Genoa Pharmaceuticals And McMaster University Demonstrate Inhaled Pharmacokinetics Enables Improved Pirfenidone Activity With Significant Promise To Enhance IPF Treatment Safety And Tolerability

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SAN DIEGO, April 21, 2014 /PRNewswire/ -- Genoa Pharmaceuticals, the leader in inhaled medicines for pulmonary fibrosis, and collaborators Drs. Martin Kolb and Kjetil Ask at McMaster University announced today additional measured advantages of inhaled GP-101 (aerosol pirfenidone) in the treatment of idiopathic pulmonary fibrosis (IPF). Our results indicate that very small inhaled doses deliver oral-superior, but short-lived lung levels. To understand if this increased lung dose may improve IPF efficacy, we further demonstrated that only short-lived lung levels are required for maximum pirfenidone activity. Moreover, because these inhaled doses are small, it is anticipated that oral-observed side effects will be substantially reduced. In addition to these observations, characterization of the pirfenidone mechanism suggests that the drug inhibits a single, upstream pro-fibrotic target with strong influence on downstream pathways critical for IPF initiation and disease progression (manuscript in preparation).

"These results further support inhalation as the optimal method to administer pirfenidone to achieve maximum IPF efficacy in a safe and well-tolerated medicine," said Mark Surber, Ph.D., Genoa's President and Chief Executive Officer. "In addition to laying the foundation for successful GP-101 clinical design, these collaborative studies have also expanded our understanding of IPF disease progression and identified a family of additional therapeutic targets."

"Discovery that pirfenidone may inhibit a particular IPF target shown to influence several downstream pathways is important for it may explain some of pirfenidone's effect; showing that inhalation enables improved activity against this important target further justifies this therapeutic approach," said Dr. Martin Kolb, M.D., Ph.D. & Associate Professor in the Division of Respirology, within the Department of Medicine Pathology & Molecular Medicine at McMaster University. "We are excited to continue our productive collaboration with Genoa, and with these results enter these activities with an increased enthusiasm for GP-101's potential to positively impact the lives of people with this devastating disease."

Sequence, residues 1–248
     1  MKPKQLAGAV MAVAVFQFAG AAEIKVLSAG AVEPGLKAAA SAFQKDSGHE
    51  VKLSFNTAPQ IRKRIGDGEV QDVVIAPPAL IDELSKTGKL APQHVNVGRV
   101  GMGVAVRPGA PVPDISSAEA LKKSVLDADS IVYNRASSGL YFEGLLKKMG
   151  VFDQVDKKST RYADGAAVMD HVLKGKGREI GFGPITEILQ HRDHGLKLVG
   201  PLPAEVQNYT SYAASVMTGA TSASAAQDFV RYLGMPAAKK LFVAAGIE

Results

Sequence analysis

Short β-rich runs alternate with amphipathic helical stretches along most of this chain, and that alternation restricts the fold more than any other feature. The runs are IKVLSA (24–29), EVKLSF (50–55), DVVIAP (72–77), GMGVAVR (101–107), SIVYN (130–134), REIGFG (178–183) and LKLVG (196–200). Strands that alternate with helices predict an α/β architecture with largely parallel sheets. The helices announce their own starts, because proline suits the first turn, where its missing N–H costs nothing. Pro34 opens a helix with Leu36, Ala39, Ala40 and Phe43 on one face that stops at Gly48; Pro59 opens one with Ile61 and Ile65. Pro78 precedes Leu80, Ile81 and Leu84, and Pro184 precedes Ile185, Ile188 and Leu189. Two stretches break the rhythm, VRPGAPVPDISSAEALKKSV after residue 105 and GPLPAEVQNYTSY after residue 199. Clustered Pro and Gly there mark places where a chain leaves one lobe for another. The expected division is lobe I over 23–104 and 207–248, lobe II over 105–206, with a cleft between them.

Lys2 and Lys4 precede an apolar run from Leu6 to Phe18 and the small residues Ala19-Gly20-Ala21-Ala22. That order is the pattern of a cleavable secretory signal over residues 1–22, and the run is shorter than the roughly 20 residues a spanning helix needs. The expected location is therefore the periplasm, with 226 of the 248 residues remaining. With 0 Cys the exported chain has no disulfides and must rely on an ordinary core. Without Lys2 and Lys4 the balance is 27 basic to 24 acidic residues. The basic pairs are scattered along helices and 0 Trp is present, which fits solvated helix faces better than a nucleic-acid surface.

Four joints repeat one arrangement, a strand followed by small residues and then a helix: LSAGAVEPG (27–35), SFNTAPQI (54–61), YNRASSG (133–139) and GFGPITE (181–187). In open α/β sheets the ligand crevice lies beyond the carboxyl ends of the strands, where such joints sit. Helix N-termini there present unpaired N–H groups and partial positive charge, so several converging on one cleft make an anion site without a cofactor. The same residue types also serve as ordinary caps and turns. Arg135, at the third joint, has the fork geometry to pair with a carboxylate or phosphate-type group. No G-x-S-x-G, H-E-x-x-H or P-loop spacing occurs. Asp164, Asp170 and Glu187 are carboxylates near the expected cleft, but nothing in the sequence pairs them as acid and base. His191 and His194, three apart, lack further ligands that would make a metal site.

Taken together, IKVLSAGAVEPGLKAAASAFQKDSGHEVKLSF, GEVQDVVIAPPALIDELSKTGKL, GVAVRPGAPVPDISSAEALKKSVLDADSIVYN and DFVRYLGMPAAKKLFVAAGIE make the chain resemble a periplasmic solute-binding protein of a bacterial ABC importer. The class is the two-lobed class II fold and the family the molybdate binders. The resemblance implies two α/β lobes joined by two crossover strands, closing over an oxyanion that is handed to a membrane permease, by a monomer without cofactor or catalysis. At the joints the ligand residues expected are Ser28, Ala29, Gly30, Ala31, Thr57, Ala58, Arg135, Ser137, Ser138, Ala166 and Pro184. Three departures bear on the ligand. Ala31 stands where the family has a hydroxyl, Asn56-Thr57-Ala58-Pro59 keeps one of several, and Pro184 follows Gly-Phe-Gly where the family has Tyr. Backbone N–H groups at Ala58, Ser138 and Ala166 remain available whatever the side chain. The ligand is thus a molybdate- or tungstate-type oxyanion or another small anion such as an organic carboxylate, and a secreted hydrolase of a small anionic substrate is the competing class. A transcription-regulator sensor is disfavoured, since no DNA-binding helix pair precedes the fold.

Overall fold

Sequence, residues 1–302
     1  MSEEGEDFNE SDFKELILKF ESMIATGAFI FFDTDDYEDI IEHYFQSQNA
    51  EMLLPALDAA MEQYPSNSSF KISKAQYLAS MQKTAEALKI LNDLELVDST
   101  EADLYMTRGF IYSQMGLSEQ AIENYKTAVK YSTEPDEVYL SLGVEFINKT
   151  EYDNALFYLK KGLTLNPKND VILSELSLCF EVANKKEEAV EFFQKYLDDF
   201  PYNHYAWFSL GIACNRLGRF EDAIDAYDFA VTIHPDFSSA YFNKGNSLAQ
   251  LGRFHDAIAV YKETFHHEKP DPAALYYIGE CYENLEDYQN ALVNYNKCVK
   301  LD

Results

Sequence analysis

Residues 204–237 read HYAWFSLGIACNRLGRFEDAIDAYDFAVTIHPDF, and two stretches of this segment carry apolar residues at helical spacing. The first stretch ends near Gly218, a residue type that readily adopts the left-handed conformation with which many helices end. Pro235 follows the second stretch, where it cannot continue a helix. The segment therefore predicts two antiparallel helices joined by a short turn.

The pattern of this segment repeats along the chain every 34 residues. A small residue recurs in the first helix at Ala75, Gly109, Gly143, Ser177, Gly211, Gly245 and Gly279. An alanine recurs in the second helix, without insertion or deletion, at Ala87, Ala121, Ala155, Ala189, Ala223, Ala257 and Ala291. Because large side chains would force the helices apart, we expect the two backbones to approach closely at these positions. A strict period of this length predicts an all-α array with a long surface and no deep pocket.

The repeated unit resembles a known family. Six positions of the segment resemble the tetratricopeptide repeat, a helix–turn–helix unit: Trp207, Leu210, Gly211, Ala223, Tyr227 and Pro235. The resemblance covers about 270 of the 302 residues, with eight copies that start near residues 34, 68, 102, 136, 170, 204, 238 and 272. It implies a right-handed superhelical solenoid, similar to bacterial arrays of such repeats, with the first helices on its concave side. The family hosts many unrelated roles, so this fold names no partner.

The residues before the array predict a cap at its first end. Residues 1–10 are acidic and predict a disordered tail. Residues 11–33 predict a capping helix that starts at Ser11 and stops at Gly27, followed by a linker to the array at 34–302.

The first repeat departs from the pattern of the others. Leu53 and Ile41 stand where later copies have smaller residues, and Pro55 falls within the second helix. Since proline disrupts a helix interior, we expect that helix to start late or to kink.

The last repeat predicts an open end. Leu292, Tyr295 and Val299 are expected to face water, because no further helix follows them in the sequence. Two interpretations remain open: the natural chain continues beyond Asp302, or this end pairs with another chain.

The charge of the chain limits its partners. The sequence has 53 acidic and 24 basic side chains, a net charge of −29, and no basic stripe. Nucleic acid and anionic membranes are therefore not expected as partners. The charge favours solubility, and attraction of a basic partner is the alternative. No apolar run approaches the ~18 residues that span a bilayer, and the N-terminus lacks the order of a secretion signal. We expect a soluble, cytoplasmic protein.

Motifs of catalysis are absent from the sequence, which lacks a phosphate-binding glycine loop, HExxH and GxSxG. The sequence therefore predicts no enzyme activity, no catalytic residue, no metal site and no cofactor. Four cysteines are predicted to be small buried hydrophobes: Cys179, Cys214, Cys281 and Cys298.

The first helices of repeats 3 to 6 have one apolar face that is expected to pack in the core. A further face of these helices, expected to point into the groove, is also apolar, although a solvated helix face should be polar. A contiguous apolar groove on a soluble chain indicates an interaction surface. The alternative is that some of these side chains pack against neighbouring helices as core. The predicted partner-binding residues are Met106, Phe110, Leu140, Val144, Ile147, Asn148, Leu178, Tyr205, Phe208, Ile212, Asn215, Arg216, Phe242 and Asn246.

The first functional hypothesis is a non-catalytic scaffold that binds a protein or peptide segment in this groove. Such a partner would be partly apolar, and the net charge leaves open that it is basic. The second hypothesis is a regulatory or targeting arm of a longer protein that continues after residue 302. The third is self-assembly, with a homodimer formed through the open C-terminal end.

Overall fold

About Genoa Pharmaceuticals

Genoa Pharmaceuticals, Inc. is committed to developing improved therapies for the treatment of IPF. Based in San Diego, Genoa's lead program, GP-101 (aerosol pirfenidone) is entering clinic-enabling, GLP toxicology for the treatment of IPF. Learn more at

About Dr. Martin Kolb and McMaster University

Dr. Kolb is Associate Professor of Medicine at McMaster University and Research Director of the Firestone Institute for Respiratory Health. Dr. Kolb is a recognized clinician and expert in the field of lung fibrosis whose research activities focus on the biology of lung injury, repair and fibrosis, particularly in Idiopathic Pulmonary Fibrosis (IPF). He has a strong interest in growth factor biology (e.g. TGF-beta and IL-1), extracellular matrix, and mesenchymal cell progenitors (mesenchymal stem cells and fibrocytes). In his lab he uses a variety of disease models to study biological mechanisms and also the efficacy of novel drugs in the preclinical setting. Small animal imaging with CT and PET is one of the exciting new research areas that Dr. Kolb pursues at McMaster in collaboration with other faculty members (Dr. Renee Labiris). Further, Dr. Kolb leads activities in biomarker development for lung fibrosis and he participates as Principal Investigator and Steering Committee members in numerous clinical trials on interstitial lung disease. He was Co-Chair of the Pulmonary Fibrosis Summit in San Diego in December 2013, and is Chair of the 18th International Colloquium on Lung Fibrosis in September 2014 (Tremblant, Quebec).

SOURCE Genoa Pharmaceuticals

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